Jordan Rau’s stories have been published in The New York Times, Washington Post, Los Angeles Times, USA Today, Philadelphia Inquirer, Politico, and on npr.org and nbcnews.com, among other media outlets. He came to KHN when it was started in 2009 from the Los Angeles Times, where he covered California government and health care politics in Sacramento. He previously reported for Newsday in New York, the Concord Monitor in New Hampshire and two newspapers in Vermont. | Contact: JordanR@kff.org | @JordanRau
Dr. Richard "Buz" Cooper doesn't mince words as he challenges highly-respected research asserting that hospitals and doctors waste up to $700 billion a year on unnecessary testing and treatment. He says the Dartmouth Atlas of Health Care doesn’t adequately account for the health care needs of poor people.
Some argue the Dartmouth Atlas of Health Care, which found wide geographic differences in how medicine is practiced, overstates the amount of potential waste because its methods don't fully factor in the heavy medical needs of very poor people. Here are some views on the debate.
A conservative advocacy group warns that the health care bills before Congress would hurt Medicare. The ad uses older Americans to exaggerate the impact of proposed Medicare cuts and ignores some improvements.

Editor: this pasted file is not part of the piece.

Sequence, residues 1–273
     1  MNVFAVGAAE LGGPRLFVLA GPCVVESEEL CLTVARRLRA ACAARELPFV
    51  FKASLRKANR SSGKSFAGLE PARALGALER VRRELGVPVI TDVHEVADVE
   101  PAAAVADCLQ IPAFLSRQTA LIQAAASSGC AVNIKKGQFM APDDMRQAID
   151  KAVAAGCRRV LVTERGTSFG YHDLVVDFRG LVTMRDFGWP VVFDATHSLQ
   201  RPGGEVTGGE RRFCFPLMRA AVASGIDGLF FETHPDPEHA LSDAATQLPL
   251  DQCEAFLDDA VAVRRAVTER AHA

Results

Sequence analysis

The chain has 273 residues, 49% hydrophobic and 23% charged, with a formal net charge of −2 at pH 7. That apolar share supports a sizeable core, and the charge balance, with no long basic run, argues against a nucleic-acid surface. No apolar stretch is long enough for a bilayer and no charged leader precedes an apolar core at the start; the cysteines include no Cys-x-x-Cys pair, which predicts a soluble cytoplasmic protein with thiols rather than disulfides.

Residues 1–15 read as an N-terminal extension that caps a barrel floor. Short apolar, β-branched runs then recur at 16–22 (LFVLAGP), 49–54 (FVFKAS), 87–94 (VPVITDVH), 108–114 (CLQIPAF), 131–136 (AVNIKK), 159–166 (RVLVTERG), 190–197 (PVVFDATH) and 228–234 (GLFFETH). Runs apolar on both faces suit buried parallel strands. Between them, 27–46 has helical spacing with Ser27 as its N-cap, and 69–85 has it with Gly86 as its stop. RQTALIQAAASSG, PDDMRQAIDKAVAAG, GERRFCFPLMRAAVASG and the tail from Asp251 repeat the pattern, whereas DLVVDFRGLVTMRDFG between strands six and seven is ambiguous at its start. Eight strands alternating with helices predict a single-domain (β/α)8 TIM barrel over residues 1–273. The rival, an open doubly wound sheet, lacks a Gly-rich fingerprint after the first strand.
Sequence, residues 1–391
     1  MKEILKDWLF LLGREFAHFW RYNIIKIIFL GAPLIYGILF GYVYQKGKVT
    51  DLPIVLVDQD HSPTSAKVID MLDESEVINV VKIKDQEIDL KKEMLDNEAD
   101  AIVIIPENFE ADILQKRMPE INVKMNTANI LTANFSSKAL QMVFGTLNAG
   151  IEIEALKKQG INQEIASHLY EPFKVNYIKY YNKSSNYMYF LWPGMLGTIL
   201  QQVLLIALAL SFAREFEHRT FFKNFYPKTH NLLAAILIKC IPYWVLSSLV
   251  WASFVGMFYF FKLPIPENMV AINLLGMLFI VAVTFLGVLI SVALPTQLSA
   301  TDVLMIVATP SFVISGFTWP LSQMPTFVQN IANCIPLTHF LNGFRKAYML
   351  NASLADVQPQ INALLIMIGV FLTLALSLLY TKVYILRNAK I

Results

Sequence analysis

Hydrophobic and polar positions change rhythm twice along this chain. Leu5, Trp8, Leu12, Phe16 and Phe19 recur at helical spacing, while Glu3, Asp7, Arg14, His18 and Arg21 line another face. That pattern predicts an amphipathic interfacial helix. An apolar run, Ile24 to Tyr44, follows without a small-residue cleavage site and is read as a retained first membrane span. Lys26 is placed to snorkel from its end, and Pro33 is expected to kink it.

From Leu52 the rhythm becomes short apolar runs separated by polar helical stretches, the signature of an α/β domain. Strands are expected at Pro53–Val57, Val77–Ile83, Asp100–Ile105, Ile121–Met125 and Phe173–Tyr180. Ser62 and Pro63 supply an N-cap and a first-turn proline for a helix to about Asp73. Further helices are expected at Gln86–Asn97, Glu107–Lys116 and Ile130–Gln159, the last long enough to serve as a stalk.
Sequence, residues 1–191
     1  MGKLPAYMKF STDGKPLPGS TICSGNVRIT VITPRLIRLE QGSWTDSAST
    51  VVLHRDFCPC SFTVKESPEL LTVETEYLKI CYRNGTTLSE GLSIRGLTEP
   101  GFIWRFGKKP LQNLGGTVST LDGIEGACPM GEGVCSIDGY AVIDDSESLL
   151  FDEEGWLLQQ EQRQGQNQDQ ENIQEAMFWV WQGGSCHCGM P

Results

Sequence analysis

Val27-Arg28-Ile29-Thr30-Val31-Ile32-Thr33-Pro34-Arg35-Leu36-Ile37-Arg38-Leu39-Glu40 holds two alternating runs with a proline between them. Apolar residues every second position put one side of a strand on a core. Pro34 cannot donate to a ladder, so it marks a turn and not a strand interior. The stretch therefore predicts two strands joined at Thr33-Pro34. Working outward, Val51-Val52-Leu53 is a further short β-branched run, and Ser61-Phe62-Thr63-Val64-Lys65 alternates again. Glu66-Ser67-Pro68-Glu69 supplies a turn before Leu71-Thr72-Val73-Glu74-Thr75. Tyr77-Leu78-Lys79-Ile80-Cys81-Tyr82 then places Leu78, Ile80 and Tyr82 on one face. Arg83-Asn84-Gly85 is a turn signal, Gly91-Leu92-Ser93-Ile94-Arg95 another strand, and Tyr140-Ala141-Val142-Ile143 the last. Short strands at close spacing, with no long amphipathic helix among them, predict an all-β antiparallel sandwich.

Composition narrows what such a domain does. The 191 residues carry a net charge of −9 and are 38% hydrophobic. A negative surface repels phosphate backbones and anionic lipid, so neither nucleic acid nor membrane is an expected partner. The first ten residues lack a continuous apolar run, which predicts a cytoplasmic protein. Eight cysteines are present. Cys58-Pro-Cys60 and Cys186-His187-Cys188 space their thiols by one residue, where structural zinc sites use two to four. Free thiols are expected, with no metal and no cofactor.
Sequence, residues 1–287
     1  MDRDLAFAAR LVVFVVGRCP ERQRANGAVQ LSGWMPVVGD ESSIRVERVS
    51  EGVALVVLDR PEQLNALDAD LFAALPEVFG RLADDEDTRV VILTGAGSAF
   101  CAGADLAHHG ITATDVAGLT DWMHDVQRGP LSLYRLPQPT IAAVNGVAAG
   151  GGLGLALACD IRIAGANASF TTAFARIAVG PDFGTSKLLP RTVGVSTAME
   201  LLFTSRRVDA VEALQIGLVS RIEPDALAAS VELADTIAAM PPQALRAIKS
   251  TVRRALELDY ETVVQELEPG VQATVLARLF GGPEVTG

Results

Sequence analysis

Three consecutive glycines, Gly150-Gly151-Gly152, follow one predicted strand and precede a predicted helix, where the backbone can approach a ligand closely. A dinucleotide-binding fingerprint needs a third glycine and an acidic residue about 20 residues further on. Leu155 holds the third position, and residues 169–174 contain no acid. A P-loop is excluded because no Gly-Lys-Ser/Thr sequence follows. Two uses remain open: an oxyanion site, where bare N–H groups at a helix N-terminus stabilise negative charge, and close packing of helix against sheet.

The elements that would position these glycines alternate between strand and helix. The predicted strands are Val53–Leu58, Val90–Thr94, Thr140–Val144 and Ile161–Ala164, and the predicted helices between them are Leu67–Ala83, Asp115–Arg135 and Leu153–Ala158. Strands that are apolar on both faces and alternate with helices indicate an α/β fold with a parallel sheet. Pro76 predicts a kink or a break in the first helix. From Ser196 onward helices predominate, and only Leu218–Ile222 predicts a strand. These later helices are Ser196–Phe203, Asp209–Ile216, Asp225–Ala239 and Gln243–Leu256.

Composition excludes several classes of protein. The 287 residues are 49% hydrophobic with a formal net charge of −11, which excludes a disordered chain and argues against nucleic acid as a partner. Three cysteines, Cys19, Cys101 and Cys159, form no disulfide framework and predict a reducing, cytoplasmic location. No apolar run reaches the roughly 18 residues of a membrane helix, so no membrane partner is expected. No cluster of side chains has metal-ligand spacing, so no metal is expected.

An insurance industry ad takes aim at the Senate Finance Committee bill, warning that many seniors will be required to pay "more than their fair share" for a health overhaul. But that argument turns on its head the real inequity in Medicare.
In 2007, California Gov. Arnold Schwarzenegger proposed covering the state’s uninsured with a plan similar to the one Congress is now considering. By January 2008, his plan was killed by a state Senate committee. While Obama’s prospects remain stronger than Schwarzenegger’s ever were, the current effort is hitting roadblocks reminiscent of the California experience.
One of the central issues in the health reform debate is how much Americans should be expected to spend on insurance before getting help from the government.
The U.S. Chamber of Commerce makes a weak case that lawmakers are moving too fast to overhaul the health care system.
As lawmakers weigh trimming legislation, some consumers might end up burdened by medical and insurance costs.
The drug industry, physicians' lobby and some backers of President Barack Obama's health care overhaul argue that the changes Congress is considering will make the health care system more stable and affordable. But the ad promises more certainty about the future than Congress is likely to be able to ensure.
An anti-tax group goes after Democratic health reform proposals, alleging they would lead to rationing and crushing government deficits. But the campaign includes some dubious comparisons with the British health system, and the group’s recommended solutions are open to question.